Post by dodecahedron » Mon Feb 03, 2014 12:09 pm

To give you some idea of the technology that existed just prior to John Bogle's epiphany, check this out:
Harvard Business School Working Knowledge wrote:Events in the late 1960s reshaped the securities industry. Trading volume increased sharply, with the number of shares changing hands on the New York Exchange growing from five million a day in 1965 to twelve million a day in 1968.

As Wyatt Wells describes in Business History Review, this expansion overwhelmed the mechanisms brokers used to transfer securities and keep records, which relied heavily on paper and pen. They responded by purchasing computers, but these machines were expensive and demanded more sophisticated management than most firms could provide. Accordingly, many companies botched the process.

Moreover, trading volume declined sharply in 1969 and 1970, cutting deeply into brokerage revenue. These factors combined to create a crisis that had, by the end of 1970, forced nearly a sixth of the nation's brokerage firms out of business.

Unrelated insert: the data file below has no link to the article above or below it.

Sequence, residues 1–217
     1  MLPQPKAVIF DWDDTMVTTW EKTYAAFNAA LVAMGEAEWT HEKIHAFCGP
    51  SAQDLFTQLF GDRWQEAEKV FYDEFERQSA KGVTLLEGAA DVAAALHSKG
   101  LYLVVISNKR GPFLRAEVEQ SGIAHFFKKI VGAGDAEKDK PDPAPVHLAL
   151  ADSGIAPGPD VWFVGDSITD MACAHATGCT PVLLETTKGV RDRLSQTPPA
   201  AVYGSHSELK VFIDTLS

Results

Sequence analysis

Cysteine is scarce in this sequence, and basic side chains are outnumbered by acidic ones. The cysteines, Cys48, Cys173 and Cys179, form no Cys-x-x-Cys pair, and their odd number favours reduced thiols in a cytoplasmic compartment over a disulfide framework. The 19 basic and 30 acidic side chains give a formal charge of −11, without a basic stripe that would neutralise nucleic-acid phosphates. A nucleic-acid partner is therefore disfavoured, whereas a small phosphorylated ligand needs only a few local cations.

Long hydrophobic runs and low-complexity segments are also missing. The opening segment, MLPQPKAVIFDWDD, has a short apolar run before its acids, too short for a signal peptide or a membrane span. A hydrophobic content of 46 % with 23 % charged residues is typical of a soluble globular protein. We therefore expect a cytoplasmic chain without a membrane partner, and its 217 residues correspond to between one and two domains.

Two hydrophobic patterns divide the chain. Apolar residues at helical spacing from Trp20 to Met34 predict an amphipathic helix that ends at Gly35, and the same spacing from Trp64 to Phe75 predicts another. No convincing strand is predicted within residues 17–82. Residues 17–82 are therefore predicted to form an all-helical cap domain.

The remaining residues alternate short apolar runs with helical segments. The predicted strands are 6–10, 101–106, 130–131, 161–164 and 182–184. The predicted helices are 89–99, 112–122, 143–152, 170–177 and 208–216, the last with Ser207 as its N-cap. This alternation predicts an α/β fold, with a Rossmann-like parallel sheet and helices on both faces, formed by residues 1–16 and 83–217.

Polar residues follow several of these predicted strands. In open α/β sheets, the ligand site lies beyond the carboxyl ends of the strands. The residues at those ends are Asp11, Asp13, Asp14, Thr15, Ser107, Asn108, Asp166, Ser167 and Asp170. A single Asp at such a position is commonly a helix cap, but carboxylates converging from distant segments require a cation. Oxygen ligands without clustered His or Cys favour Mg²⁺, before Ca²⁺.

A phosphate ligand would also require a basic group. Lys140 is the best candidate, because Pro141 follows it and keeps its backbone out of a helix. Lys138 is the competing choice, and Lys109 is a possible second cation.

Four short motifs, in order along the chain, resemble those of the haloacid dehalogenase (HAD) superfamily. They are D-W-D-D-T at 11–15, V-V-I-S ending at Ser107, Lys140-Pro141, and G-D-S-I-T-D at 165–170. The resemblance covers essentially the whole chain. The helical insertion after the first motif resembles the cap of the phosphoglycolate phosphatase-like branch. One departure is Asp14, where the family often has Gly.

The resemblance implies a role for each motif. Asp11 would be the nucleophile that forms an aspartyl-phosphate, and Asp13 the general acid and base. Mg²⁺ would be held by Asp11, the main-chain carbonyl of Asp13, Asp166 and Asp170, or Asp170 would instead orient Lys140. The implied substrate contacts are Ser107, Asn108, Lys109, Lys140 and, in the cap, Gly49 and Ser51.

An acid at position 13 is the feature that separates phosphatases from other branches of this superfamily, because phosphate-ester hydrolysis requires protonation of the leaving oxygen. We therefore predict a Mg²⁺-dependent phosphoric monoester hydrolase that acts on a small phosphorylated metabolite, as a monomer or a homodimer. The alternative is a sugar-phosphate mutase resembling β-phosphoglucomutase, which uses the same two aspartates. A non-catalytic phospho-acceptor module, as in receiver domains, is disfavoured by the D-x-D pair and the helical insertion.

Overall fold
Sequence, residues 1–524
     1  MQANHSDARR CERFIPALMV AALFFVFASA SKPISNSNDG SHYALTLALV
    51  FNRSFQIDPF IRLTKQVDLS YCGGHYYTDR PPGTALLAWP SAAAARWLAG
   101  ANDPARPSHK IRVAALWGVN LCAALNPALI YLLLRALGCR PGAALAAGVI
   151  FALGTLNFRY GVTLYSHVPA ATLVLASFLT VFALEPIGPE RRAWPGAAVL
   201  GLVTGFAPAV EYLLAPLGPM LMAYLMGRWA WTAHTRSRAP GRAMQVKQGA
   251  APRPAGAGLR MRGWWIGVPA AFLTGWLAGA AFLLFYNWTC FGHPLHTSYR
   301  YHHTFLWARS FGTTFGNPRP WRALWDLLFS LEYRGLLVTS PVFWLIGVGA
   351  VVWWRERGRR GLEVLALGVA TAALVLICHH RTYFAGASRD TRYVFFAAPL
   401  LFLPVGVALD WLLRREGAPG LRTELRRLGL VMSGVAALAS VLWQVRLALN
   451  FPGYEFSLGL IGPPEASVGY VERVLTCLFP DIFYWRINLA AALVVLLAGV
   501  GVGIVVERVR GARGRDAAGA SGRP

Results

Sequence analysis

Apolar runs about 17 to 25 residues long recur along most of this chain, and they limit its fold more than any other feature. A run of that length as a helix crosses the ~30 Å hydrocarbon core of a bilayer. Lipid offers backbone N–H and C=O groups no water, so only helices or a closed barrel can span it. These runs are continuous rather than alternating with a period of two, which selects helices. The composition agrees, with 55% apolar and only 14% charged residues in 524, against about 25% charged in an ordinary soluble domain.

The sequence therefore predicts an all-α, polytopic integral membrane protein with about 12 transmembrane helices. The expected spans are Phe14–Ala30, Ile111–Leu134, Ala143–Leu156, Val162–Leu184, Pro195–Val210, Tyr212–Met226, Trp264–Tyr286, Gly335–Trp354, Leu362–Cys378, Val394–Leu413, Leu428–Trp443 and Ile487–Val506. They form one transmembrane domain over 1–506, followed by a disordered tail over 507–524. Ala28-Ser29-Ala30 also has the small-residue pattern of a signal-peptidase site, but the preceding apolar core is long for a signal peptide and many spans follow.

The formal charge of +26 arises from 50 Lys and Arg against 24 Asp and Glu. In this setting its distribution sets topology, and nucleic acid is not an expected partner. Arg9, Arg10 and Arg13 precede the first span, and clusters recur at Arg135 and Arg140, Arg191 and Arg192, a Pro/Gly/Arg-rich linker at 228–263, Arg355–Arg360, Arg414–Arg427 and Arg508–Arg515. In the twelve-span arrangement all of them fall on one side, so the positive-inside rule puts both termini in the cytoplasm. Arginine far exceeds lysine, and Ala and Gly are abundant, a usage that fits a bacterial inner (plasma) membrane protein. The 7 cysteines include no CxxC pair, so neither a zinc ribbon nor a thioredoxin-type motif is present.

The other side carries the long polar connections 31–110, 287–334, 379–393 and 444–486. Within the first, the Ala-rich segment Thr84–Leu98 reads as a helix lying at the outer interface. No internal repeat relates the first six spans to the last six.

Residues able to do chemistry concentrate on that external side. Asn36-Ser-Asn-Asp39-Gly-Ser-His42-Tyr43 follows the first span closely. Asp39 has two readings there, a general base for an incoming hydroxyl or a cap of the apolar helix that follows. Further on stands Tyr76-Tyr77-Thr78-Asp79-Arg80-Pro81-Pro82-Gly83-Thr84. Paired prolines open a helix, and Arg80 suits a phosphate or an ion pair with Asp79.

In this excerpt from his article, Wells describes the immediate aftermath of the crisis and the changes in the securities industry that occurred in its wake.
Excerpt from: http://hbswk.hbs.edu/archive/1719.html

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Re: John Bogle’s Epiphany Changes The World

Post by nisiprius » Mon Feb 03, 2014 12:21 pm

dodecahedron wrote:To give you some idea of the technology that existed just prior to John Bogle's epiphany, check this out: